January 20, 2009 by Amit Bakshi

We don’t want to start a battle of the sexes with that headline, but we spent an afternoon playing around with the age-old — and often controversial — idea that men and women are not the same.  In the world of remote work, though, many of the perceived differences between genders shouldn’t come into play, right?  When all you’re seeing is the final product of someone you’re never going to meet face-to-face, all our cultural programming, habits and stereotypes shouldn’t matter: all the employer sees is the work.  With that in mind, we decided to check feedback scores to see whether there’s any perceived difference between the work done on oDesk by men and women.

Trouble is, oDesk doesn’t collect gender info from our remote providers — so we had to do it the hard way.  We took a sampling of 3,000 providers and divided the likely men (the Marks, Dmitriys, and Sanjays) from the likely women (the Jennifers, Olgas, Priyankas).  We threw out the names that could go either way (Robins, Shannons, Valeriys).  Here’s what we got:

# of Providers
% of Total
Female 580 17.29%
Male 2774 82.71%

The sample suggests that men outnumber women on oDesk by four to one.  Not surprising, since most of the professionals on oDesk are tech-related (like php programmers & ruby on rails programmers), and the engineering gender gap is well-known.  According to the National Science Foundation, fewer than 20 percent of engineering graduates in the U.S. are women.

However, it’s quality that we’re interested in, not quantity, so let’s look at the feedback provided by employers to their freelance professionals:

Average Feedback*
Female 4.404
Male 4.255
Male vs. Female Normal Curve

*These averages were computed with a standard error of 0.049, and are statistically significant with a p-value of 0.009 (for all the hard-core statisticians).

So there are the numbers, folks — women deliver the goods to their employers, 3.5 percent better, on average. (Gentlemen, that sound you’re hearing is thousands upon thousands of female remote workers cranking up Aretha’s “Respect.”) We know, of course, that in the real world, it all comes down to the individual you’re hiring, not how many X chromosomes he or she has. Still, we’re wondering whether any employers of remote workers would like to share their experiences.  Managers of provider companies that include small armies of remote workers might also chime in.  Have you noticed a gender-based difference, and did it contradict or confirm your expectations?

And hey there, remote-workin’ fellas — you may have the numerical advantage now, but our workplace for non-techie jobs is growing fast, so we expect more women to enter our marketplace in 2009.  You think the competition might start heating up?

Amit Bakshi

Vice President of Marketing at LawPivot

Amit Bakshi is the Vice President of Marketing at LawPivot. He formerly served as Product Marketing Manager for oDesk.

  • Ron

    I too am surprised that it is only 3.5% as I find women leave males in the dust in almsot everything they do. There are very few things women can not do that males can do and they can do all of them so much better tha us males.

  • http://www.linxhurricane.com Lesley

    I too am amazed that it is so low. Women tend to be better at the things that make a good outsourcer…in my humble opinion :)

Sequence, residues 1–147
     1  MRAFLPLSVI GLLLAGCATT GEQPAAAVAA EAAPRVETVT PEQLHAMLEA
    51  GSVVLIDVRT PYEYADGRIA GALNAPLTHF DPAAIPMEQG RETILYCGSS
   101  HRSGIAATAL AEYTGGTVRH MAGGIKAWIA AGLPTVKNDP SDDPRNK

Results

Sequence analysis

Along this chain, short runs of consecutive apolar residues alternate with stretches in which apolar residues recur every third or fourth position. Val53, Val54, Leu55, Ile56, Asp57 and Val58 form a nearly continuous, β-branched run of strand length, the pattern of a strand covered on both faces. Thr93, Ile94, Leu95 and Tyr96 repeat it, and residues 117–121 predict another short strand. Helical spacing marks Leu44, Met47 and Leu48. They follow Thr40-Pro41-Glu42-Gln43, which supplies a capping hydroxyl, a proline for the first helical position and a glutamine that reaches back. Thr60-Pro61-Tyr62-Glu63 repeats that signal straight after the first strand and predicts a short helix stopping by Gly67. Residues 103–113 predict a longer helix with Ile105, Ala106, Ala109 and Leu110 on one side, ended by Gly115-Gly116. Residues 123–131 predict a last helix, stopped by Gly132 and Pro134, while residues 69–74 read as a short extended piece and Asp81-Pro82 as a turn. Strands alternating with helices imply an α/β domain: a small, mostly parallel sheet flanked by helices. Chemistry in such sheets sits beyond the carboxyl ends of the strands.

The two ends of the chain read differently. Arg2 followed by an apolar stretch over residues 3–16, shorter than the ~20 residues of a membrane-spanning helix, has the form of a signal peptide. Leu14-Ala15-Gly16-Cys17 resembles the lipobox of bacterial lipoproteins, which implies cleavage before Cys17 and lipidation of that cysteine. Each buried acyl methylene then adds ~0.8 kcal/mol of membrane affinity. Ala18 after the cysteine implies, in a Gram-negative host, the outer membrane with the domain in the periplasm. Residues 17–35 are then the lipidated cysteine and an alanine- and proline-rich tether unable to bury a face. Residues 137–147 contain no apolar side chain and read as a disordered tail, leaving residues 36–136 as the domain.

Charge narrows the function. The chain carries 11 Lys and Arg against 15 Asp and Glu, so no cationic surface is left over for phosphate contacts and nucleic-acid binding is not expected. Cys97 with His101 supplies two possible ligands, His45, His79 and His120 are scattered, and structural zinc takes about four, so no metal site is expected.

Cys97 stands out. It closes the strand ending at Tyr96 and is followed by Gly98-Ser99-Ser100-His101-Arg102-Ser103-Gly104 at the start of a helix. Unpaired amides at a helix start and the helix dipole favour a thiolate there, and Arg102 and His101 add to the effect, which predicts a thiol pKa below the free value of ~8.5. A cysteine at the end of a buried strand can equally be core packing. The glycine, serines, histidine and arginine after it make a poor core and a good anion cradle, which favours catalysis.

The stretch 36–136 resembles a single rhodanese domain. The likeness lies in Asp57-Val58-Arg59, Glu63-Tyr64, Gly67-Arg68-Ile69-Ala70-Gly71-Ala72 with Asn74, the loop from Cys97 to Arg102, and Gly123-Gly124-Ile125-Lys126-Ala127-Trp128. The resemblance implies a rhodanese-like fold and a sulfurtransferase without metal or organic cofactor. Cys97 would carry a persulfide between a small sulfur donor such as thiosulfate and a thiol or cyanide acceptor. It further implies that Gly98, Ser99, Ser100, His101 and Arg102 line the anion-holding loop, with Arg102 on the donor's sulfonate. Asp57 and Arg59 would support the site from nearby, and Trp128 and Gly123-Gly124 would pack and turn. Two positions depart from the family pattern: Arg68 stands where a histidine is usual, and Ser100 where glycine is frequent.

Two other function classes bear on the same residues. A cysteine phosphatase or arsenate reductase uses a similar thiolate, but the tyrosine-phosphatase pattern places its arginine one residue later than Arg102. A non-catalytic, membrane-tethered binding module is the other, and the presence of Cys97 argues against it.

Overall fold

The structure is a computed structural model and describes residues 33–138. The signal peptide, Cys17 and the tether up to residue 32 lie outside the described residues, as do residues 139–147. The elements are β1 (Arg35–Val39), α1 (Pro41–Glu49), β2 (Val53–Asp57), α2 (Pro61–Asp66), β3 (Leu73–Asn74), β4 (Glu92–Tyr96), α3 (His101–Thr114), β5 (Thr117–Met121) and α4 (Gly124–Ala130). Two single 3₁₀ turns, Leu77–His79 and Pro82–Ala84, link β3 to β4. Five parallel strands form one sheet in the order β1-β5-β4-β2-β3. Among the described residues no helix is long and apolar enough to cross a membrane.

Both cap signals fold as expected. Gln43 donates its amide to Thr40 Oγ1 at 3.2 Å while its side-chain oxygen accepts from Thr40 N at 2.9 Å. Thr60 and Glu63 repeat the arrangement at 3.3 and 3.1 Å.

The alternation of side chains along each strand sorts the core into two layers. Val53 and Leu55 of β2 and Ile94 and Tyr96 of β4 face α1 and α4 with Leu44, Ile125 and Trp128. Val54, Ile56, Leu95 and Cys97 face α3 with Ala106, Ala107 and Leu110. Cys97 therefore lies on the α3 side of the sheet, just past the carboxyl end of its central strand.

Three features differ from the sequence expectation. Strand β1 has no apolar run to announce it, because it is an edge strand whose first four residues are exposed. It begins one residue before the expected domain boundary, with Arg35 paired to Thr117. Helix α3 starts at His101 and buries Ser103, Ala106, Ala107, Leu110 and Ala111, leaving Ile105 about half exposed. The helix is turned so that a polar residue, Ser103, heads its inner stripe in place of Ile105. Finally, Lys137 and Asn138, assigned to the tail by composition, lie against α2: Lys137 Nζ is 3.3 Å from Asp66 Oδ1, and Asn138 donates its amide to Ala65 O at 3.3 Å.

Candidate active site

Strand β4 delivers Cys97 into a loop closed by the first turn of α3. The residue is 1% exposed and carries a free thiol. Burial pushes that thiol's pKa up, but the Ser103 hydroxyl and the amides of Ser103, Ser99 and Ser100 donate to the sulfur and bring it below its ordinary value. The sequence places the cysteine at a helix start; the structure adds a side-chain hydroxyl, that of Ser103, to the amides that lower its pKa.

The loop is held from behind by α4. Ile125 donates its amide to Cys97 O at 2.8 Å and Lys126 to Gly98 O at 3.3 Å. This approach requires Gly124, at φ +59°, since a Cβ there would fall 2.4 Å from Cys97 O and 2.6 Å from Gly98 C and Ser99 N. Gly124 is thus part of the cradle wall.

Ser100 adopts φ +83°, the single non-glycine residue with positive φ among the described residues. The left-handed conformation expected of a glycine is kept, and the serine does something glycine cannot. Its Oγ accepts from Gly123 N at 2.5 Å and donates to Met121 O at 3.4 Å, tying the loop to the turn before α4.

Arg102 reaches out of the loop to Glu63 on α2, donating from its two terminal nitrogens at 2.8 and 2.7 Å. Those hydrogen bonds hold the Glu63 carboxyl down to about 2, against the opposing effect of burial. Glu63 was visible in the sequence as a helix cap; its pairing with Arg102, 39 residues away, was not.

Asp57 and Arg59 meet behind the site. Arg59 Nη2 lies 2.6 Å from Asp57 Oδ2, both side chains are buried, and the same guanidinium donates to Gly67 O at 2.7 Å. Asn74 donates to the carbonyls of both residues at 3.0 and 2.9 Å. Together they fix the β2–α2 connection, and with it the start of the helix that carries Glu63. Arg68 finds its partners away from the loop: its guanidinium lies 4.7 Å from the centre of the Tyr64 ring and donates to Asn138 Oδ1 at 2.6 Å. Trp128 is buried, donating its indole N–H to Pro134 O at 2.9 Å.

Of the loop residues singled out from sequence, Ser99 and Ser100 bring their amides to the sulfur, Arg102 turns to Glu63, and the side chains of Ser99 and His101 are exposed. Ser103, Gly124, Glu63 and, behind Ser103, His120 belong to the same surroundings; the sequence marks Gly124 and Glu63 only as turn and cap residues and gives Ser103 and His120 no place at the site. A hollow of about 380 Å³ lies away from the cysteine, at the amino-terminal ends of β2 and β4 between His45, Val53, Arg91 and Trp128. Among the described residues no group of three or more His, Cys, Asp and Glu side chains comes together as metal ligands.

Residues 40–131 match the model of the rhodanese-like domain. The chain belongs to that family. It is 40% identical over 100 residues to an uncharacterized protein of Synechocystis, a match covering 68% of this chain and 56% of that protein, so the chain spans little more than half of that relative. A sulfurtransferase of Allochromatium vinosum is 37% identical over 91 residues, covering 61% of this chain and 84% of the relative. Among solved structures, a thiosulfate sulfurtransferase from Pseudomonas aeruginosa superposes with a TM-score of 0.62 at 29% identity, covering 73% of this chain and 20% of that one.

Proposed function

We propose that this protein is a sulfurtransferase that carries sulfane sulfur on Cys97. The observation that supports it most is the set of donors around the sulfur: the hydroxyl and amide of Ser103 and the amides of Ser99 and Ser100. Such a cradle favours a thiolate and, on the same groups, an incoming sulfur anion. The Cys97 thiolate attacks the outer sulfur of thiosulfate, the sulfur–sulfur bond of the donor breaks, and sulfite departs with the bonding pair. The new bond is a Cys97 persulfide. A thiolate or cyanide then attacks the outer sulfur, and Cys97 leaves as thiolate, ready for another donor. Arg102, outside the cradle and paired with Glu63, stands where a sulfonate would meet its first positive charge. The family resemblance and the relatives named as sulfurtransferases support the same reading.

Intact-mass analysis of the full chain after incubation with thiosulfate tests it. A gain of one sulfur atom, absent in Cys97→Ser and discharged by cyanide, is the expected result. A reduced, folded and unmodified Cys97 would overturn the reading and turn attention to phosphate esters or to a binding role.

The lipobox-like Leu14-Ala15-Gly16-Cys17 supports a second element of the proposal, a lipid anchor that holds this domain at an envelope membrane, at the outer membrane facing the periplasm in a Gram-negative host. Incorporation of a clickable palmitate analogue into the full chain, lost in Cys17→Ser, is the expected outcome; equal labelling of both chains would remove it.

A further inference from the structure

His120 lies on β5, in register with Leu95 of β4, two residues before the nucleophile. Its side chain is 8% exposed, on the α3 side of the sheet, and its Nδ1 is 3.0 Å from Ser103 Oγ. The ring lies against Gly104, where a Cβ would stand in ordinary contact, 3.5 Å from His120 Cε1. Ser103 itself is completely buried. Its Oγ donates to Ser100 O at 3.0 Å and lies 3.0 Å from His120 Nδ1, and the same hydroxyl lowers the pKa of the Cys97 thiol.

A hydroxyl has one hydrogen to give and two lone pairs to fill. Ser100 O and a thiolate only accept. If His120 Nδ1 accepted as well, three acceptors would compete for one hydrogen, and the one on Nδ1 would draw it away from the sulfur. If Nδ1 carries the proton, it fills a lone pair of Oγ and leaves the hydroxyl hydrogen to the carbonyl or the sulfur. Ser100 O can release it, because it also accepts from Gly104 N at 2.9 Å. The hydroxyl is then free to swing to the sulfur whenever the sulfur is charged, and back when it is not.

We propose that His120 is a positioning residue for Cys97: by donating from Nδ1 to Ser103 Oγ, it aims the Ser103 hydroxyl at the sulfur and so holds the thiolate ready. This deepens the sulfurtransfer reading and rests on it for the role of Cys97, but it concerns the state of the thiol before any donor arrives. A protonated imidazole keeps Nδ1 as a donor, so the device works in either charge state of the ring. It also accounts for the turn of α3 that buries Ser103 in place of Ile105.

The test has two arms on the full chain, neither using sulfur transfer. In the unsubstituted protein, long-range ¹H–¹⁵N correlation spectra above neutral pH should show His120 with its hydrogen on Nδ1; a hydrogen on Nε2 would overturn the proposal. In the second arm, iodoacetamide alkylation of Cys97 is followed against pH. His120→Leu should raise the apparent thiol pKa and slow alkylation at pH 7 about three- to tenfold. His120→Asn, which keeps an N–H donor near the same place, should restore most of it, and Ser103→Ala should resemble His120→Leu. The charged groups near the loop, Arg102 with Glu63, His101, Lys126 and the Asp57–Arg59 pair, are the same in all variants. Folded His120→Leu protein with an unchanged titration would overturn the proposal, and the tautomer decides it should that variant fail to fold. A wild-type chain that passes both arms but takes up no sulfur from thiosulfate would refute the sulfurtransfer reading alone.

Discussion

• Stephen

    I am amazed that it is only 3.5% – I have in the past twenty years of employing staff found that the best person for the job is always female !

  • V Mohan

    In customer relations female will outscore male for naturally supporting qualities and emotional over logical nature of people when they need support and help. Kaushal may augment performance of his department if he assigns a female to handle other females for a little while till he aquires a natural empathy/sympathy for all employees. That does not exclude supervision to make sure rules and regulations are imposed uniformly. Quality of his ops will improve if he can handle it. He may even get a promotion!

  • Marie

    Being female, an odesk provider AND buyer, I’d like to put my 2 cents in. First off, as the post already mentions, it all boils down to quality of work, not gender. However has anyone thought that maybe, some feminine qualities elicit positive feedback (whether unintentional or not)? Men tend to be quick, short and non-communicative. How often have you gotten a short email from a male colleague that gives no details? Getting a quick email from someone that says “no, not done yet” or “here you go”, without so much as a “hello, hi, how are you?” greeting or “warm regards”, can tend to have a negative connotation, whether or not the writer intended it to be. Women, on the other hand, almost always start an email with “Dear…” and will generally be longer and will try to sound as cordial as possible. Aside from feedback scores, what do the comments say? I’d be willing to bet that most of the female high-scorers have comments like “great communication!” or “very nice to work with”.

  • http://www.seorank.com.au Kaushal

    I am a manager for seorank, and I had very bad experience with females. I had to hire all the males in the office. Not sure if its the F effect, I mean female charisma effect or something else. I dont think its fair to measure the accuracy by client feedback, there are so many other factors to perfect work.

  • http://unboredme.blogspot.com lazyking

    Interesting post. I like to make some battle of sexes on my blog. I guess this will end it

  • eljuan

    From my perspective, a little gender balance in the cubicle floor would be a GOOD thing.